Spirit and American Airlines in two separate cases were recently ordered to pay monetary penalties for their treatment of passengers. The news comes as many Americans are looking for ways to stretch their dollars without breaking their travel budgets while travel seems to finally be back after the start of the COVID-19 pandemic.
Spirit Airlines settles over carry-on fees
In Spirit’s case, the airline agreed on Aug. 23 to pay up to $8.25 million to settle a class-action lawsuit brought by passengers who booked flights on Spirit through online travel agents (OTAs) and said they were charged additional carry-on bag fees.
According to federal court documents, the passengers booked tickets from Aug. 31, 2011, through May 3, 2017, on one of six OTAs — Expedia, Travelocity, Kiwi, CheapOair, Cheap Tickets and BookIt.
The proposed settlement provides a cash refund of up to 75% of the carry-on fee paid to each class action member who submits a valid claim form. The amount paid will be pro-rated based on the amount of carry-on fee each person actually paid, per the court documents.
Potential members of the class action suit will be sent notices advising them to review the details of the settlement and submit a claim form. These members will be contacted via the email addresses that Spirit or the OTA have on file or, if an email address is unavailable and a mailing address is, by a postcard with instructions via first-class mail.
Spirit did not immediately respond to requests for comment.
American Airlines fined total of $4.1M
American, meanwhile, was slapped with a $4.1 million fine for illegally making 5,821 passengers wait on tarmacs for hours at a time without an opportunity to deplane, the Department of Transportation (DOT) said in an Aug. 28 statement.
Of the total fine, $2.05 million will be credited to American for compensation provided to passengers on the affected flights, DOT said.
American allowed 43 domestic flights to remain on the tarmac for long periods between 2018 and 2021 without allowing passengers an opportunity to deplane, the DOT found in an extensive investigation. On one of those flights, passengers were not given food or water as required, the agency said. Most of the delays occurred at Dallas Fort Worth International Airport.
American said in a statement that the delays in question resulted from exceptional weather events and represented 0.001% of the 7.7 million flights the airline and its partners conducted from 2018 to 2021.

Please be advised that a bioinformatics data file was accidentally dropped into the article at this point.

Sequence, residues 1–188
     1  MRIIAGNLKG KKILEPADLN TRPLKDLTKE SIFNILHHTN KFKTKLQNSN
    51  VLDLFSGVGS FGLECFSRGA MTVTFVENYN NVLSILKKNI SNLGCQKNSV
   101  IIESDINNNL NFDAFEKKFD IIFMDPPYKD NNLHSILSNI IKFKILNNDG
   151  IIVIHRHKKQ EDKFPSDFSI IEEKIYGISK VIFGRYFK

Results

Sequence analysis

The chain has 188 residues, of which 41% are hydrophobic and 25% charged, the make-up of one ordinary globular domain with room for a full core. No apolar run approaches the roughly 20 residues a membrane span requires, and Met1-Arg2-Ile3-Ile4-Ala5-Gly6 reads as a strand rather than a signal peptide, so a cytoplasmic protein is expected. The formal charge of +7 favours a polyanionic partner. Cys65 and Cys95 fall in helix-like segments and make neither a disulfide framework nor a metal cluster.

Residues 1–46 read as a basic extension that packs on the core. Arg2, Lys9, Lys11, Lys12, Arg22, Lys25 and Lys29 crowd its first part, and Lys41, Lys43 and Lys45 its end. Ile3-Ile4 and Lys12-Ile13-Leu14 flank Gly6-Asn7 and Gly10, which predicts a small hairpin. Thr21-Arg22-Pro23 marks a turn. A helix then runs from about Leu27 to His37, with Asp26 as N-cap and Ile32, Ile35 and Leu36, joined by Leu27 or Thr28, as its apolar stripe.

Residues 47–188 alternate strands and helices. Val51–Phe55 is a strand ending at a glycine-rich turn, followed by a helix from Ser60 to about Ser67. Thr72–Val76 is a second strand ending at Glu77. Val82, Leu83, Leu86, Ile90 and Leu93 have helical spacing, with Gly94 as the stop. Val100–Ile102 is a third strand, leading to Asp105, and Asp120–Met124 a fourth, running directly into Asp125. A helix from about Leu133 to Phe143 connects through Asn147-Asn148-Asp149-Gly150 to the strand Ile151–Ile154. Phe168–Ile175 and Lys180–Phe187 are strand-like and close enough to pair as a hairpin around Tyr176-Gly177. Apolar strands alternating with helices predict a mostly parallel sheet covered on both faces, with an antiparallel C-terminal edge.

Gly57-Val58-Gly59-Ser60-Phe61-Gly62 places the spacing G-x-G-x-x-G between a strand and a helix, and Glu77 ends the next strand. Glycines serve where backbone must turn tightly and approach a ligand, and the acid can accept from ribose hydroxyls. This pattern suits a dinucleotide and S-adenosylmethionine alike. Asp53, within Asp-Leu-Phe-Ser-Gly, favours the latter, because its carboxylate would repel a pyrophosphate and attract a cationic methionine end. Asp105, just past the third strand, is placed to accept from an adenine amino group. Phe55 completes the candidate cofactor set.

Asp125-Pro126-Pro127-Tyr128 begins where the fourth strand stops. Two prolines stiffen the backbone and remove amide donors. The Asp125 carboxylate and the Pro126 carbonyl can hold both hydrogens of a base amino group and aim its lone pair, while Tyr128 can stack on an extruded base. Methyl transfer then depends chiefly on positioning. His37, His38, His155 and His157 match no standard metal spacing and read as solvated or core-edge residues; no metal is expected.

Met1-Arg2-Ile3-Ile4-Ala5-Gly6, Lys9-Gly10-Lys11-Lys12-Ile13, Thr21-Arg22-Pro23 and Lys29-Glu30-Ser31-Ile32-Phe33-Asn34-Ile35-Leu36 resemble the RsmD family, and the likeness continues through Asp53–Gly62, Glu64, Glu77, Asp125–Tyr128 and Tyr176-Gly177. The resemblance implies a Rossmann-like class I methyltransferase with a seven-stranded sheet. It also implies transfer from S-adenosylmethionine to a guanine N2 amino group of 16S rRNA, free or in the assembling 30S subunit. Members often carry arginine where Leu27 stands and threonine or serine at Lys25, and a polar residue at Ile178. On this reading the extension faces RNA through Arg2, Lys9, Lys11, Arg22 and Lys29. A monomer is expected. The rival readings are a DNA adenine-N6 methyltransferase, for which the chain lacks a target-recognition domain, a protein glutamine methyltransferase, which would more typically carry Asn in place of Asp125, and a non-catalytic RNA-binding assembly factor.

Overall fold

“American always strives to deliver a positive travel experience to our customers and takes very seriously our responsibility to comply with all Department of Transportation requirements,” American said. “We have since apologized to the impacted customers and regret any inconvenience caused.”
DOT said the fine is the largest ever assessed for violating federal statutes that prohibit tarmac delays of three hours or more on domestic flights without allowing passengers to deplane.
“This is the latest action in our continued drive to enforce the rights of airline passengers,” Transportation Secretary Pete Buttigieg said in a statement. “Whether the issue is extreme tarmac delays or problems getting refunds, DOT will continue to protect consumers and hold airlines accountable.”
Your rights over flight delays and cancellations
Buttigieg and the DOT have been looking into changes to help airline passengers in the wake of flight disruptions. Earlier this year, Buttigieg and President Joe Biden announced the formulation of new rules requiring U.S. airlines to compensate passengers and cover expenses such as meals, hotels and rebooking in cases where the airline has caused a cancellation or significant delay.
You can use the DOT's airline customer service dashboard for more detailed information on what airlines entitle you to over delays and cancellations.
Esther D’Amico is Kiplinger’s senior news editor. A long-time regulatory journalist, Esther has covered a range of industries including antitrust and congressional affairs, infrastructure, transportation, climate change and the industrial chemicals sector. She holds a bachelor’s degree in journalism and in English.
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